GNU Octave Manual Version 3by John W. Eaton, David Bateman, Søren Hauberg Paperback (6"x9"), 568 pages ISBN 095461206X RRP £24.95 ($39.95) |

## 8.1 Index Expressions

An *index expression* allows you to reference or extract selected
elements of a matrix or vector.

Indices may be scalars, vectors, ranges, or the special operator
`‘:’`, which may be used to select entire rows or columns.

Vectors are indexed using a single index expression. Matrices may be indexed using one or two indices. When using a single index expression, the elements of the matrix are taken in column-first order; the dimensions of the output match those of the index expression. For example,

a (2) # a scalar a (1:2) # a row vector a ([1; 2]) # a column vector

As a special case, when a colon is used as a single index, the output is a column vector containing all the elements of the vector or matrix. For example

a (:) # a column vector

Given the matrix

a = [1, 2; 3, 4]

all of the following expressions are equivalent

a (1, [1, 2]) a (1, 1:2) a (1, :)

and select the first row of the matrix.

Indexing a scalar with a vector of ones can be used to create a vector the same size as the index vector, with each element equal to the value of the original scalar. For example, the following statements

a = 13; a ([1, 1, 1, 1])

produce a vector whose four elements are all equal to 13.

Similarly, indexing a scalar with two vectors of ones can be used to create a matrix. For example the following statements

a = 13; a ([1, 1], [1, 1, 1])

create a 2 by 3 matrix with all elements equal to 13.

This is an obscure notation and should be avoided. It is better to
use the function `ones`

to generate a matrix of the appropriate
size whose elements are all one, and then to scale it to produce the
desired result. See section 16.4 Special Utility Matrices.

It is also possible to create a matrix with different values. The following example creates a 10 dimensional row vector a containing the values a(i) = sqrt(i).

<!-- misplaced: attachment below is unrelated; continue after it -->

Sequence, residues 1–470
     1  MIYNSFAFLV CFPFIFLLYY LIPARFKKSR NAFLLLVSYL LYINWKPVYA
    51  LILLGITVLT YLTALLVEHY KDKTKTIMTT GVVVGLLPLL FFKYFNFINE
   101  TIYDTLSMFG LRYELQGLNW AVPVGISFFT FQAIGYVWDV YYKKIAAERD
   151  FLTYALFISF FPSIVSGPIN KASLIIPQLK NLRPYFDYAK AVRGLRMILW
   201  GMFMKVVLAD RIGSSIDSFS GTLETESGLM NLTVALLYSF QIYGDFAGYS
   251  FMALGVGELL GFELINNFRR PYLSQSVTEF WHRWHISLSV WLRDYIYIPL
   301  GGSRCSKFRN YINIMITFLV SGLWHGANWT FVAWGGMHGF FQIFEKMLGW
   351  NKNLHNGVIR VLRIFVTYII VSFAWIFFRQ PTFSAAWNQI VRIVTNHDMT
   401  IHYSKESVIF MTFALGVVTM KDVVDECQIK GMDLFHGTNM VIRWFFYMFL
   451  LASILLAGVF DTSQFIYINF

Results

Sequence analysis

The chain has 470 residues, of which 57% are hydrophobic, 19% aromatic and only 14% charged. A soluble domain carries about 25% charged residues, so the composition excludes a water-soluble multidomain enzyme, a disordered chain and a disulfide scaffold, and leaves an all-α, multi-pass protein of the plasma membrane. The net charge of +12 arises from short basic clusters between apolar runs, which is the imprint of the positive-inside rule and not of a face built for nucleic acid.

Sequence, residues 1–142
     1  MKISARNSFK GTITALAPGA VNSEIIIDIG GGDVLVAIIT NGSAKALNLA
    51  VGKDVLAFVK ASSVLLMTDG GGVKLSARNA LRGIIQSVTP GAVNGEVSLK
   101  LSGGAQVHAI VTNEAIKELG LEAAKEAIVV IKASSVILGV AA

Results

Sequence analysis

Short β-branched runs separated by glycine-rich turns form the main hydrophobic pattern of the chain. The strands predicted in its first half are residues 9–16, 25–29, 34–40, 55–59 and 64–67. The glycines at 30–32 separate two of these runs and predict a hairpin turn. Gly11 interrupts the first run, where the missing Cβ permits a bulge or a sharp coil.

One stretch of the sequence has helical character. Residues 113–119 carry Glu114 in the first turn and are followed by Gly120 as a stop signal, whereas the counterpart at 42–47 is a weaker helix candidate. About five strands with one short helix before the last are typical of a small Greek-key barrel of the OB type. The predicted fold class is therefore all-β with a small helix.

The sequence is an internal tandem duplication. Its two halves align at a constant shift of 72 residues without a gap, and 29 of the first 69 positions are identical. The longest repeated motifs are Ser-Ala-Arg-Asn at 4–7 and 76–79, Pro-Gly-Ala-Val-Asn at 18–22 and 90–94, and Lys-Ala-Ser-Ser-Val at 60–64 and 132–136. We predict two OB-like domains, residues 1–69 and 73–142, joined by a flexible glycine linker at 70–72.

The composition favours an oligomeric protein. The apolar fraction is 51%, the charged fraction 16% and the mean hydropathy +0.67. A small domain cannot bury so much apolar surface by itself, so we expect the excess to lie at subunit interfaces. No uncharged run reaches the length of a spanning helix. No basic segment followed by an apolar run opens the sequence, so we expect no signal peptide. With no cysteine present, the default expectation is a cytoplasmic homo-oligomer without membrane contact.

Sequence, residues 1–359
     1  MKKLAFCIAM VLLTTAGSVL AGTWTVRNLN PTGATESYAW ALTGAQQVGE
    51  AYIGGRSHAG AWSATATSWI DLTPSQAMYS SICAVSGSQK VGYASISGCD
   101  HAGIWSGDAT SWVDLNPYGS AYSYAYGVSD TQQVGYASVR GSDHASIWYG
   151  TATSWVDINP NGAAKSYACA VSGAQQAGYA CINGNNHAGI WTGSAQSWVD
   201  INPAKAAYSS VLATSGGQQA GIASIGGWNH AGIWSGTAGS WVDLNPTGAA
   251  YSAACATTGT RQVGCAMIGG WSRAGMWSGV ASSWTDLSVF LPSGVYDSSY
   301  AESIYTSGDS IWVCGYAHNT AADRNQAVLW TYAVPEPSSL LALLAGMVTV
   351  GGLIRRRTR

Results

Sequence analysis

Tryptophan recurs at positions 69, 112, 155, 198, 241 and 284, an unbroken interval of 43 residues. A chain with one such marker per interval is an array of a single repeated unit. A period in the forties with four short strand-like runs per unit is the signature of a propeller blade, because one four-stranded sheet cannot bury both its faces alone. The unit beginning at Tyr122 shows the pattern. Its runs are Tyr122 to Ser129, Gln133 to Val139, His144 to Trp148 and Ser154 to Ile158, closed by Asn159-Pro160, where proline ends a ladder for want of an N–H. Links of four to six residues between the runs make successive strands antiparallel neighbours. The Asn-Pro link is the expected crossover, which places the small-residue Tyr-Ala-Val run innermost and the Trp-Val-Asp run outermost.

for i = 1:10 a(i) = sqrt (i); endfor

Note that it is quite inefficient to create a vector using a loop like the one shown in the example above. In this particular case, it would have been much more efficient to use the expression

a = sqrt (1:10);

thus avoiding the loop entirely. In cases where a loop is still
required, or a number of values must be combined to form a larger
matrix, it is generally much faster to set the size of the matrix first,
and then insert elements using indexing commands. For example, given a
matrix `a`

,

[nr, nc] = size (a); x = zeros (nr, n * nc); for i = 1:n x(:,(i-1)*nc+1:i*nc) = a; endfor

is considerably faster than

x = a; for i = 1:n-1 x = [x, a]; endfor

particularly for large matrices because Octave does not have to repeatedly resize the result.

__Built-in Function:__**subsref***(*`val`,`idx`)- Perform the subscripted element selection operation according to
the subscript specified by
`idx`.The subscript

`idx`is expected to be a structure array with fields`‘type’`and`‘subs’`. Valid values for`‘type’`are`‘"()"’`,`‘"{}"’`, and`‘"."’`. The`‘subs’`field may be either`‘":"’`or a cell array of index values.The following example shows how to extract the two first columns of a matrix

val = magic(3) => val = [ 8 1 6 3 5 7 4 9 2 ] idx.type = "()"; idx.subs = {":", 1:2}; subsref(val, idx) => [ 8 1 3 5 4 9 ]

Note that this is the same as writing

`val(:,1:2)`

.See also subsasgn, substruct

__Function File:__`ind`=**sub2ind***(*`dims`,`i`,`j`)__Function File:__`ind`=**sub2ind***(*`dims`,`s1`,`s2`, ...,`sN`)- Convert subscripts into a linear index.
The following example shows how to convert the two-dimensional index

`(2,3)`

of a 3-by-3 matrix to a linear index.linear_index = sub2ind ([3, 3], 2, 3) => 8

See also ind2sub

__Function File:__[`s1`,`s2`, ...,`sN`] =**ind2sub***(*`dims`,`ind`)- Convert a linear index into subscripts.
The following example shows how to convert the linear index

`8`

in a 3-by-3 matrix into a subscript.[r, c] = ind2sub ([3, 3], 8) => r = 2 c = 3

See also sub2ind

ISBN 095461206X | GNU Octave Manual Version 3 | See the print edition |